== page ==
Violence in Indy, what’s a white guy to do?

Indianapolis had a string of murders again this weekend. That’s not entirely unusual for a metro area, and we’re a long way from being Chicago, but it’s still alarming.

Except it isn’t. You don’t get to be surprised when an economically depressed (oppressed?) population starts turning to crime. As with most murders in Indy, these are almost always black-on-black male crimes, and they’re almost always young black males.

The headlines are things like, “Haven’t we had enough?” and the answer is, “Probably not.”

We as Americans, and fellow Indy residents, really have to admit that if we’re not interested in hefty gun control, it’s because we really don’t care about the people who shoot, or get shot at, in the streets. “That’s their problem, they can’t be tamed, but they could stop if they want to.” And even though that sounds outlandish, there is a grain of truth to that.

For the most part these cases are in the ghettos, and in midwestern cities that are racially segregated like Indianapolis, there’s not much that’s going to convince (white, voting, money-toting) people elsewhere to care about it. Short of fallout from a nuclear detonation on east 38th street, this is mostly the reason why people left or leave in the first place. And if they don’t, it’s why we all know, “You don’t go there, there, or there.”

Indeed, there’s a lot I admittedly don’t understand about all of this. Experts say we have to do things like re-entry programs, rehab, corrections, education, etc.

As a pretty white guy, I think I speak for a lot of white people when I say: “Okay?”

It’s hard for me to wrap my brain around this because it seems like, “Just be nice, don’t shoot people” ought to be a pretty simple rule to follow. In fact, it is a simple rule. I haven’t shot anyone today. And there are a bunch of people in really rural, impoverished, areas that also have not shot people. Just like there are a lot of people in ghettos that have not shot people today. But inner-cities have a problem that rural areas do not.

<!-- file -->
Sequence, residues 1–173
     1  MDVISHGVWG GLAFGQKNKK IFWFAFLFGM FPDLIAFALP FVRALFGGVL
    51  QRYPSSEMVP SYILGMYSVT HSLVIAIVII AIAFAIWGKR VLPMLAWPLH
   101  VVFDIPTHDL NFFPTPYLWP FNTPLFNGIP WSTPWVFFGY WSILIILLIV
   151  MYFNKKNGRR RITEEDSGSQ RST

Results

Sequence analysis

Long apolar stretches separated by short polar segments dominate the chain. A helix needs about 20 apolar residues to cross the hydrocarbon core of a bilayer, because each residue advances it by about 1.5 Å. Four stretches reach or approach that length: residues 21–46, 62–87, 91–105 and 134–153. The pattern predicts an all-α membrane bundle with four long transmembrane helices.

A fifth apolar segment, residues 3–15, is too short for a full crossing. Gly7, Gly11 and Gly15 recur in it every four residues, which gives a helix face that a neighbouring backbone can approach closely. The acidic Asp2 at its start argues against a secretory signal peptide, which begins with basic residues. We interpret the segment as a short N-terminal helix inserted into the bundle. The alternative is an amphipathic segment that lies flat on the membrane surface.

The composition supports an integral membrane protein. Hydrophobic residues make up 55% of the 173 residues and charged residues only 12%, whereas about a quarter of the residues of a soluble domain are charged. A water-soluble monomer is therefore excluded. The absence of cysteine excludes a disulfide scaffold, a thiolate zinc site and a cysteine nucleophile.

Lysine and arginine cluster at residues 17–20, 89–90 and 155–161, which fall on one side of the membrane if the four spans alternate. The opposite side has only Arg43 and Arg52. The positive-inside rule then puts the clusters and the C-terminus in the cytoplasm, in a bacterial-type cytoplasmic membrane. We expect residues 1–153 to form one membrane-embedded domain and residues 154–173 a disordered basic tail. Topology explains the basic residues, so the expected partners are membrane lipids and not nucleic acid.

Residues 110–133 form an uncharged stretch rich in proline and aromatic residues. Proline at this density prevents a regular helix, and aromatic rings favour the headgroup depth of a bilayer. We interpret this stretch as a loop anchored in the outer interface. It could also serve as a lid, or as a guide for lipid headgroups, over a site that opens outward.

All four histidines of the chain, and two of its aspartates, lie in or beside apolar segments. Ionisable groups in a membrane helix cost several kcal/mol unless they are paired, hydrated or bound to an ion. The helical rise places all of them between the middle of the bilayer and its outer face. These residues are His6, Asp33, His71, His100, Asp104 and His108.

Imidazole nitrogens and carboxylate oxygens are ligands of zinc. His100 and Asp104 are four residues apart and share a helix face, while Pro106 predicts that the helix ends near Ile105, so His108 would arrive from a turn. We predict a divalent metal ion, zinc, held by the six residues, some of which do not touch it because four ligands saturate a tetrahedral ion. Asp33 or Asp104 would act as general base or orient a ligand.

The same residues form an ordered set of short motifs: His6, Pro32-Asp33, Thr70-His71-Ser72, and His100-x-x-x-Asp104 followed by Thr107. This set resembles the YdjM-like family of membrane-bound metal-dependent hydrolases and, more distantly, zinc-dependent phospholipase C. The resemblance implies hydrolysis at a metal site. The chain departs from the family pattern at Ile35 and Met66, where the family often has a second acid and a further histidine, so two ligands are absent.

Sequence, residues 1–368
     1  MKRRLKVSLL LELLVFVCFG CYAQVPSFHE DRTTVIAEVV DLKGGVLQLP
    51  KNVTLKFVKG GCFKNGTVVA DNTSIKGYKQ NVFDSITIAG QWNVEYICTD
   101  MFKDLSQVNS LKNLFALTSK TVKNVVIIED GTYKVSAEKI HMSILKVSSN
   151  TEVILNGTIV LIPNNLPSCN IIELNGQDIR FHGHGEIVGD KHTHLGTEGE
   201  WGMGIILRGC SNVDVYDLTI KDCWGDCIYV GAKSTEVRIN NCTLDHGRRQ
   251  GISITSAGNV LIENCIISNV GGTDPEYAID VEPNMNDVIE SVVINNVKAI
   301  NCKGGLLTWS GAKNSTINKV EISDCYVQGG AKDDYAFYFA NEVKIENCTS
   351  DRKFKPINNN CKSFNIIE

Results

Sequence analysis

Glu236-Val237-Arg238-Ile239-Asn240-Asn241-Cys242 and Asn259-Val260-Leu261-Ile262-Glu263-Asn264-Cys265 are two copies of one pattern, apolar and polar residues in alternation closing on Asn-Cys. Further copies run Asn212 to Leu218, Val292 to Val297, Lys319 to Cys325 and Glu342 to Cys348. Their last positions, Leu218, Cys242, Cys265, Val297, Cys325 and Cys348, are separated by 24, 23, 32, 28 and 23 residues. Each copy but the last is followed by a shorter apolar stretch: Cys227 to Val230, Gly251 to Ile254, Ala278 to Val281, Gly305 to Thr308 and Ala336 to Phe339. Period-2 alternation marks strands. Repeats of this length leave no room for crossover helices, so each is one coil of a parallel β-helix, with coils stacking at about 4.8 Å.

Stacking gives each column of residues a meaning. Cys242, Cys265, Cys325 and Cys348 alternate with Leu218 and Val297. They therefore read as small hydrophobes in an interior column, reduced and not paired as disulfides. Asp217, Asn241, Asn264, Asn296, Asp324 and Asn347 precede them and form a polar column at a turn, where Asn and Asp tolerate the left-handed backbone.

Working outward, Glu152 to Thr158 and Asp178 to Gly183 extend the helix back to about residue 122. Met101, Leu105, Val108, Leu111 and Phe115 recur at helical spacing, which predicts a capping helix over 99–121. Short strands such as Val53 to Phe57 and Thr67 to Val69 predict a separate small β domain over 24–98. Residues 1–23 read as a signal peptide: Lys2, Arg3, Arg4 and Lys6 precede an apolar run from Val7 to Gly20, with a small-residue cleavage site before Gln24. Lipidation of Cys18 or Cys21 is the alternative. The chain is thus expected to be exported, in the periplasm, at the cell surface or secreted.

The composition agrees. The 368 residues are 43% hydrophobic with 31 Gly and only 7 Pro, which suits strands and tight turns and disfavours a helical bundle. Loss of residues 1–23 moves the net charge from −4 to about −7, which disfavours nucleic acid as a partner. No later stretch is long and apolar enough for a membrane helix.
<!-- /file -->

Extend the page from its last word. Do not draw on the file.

It’s probably not right to compare, but it seems logical to compare, say, east 10th street, with a rural county like Washington County (my childhood home).

Drugs are rampant in both, albeit different kinds. Both are often deeply religious. There are plenty of guns in both places. Both lack economic growth opportunities.

Except one place has access to high speed Internet (if, at least, just the infrastructure for it), transit and the ability to get places cheaply (including places where there are jobs), access to every book ever printed via libraries, and schools and universities and museums within walking distance or a short ride. Some of these are free, some are cheap, and some are certainly not. But the opportunities are at least sorta there.

So it’s hard not to at least look at the notion that this is an “odd” problem. What makes a group of teens on east 10th street likely to commit a crime, but a similar group in Washington County not really do anything illegal? Gangs, I guess, but that begs the question of why one group starts a gang and another doesn’t. Is it access to money, presumably drug money? But shouldn’t that be easily replicated anywhere and everywhere?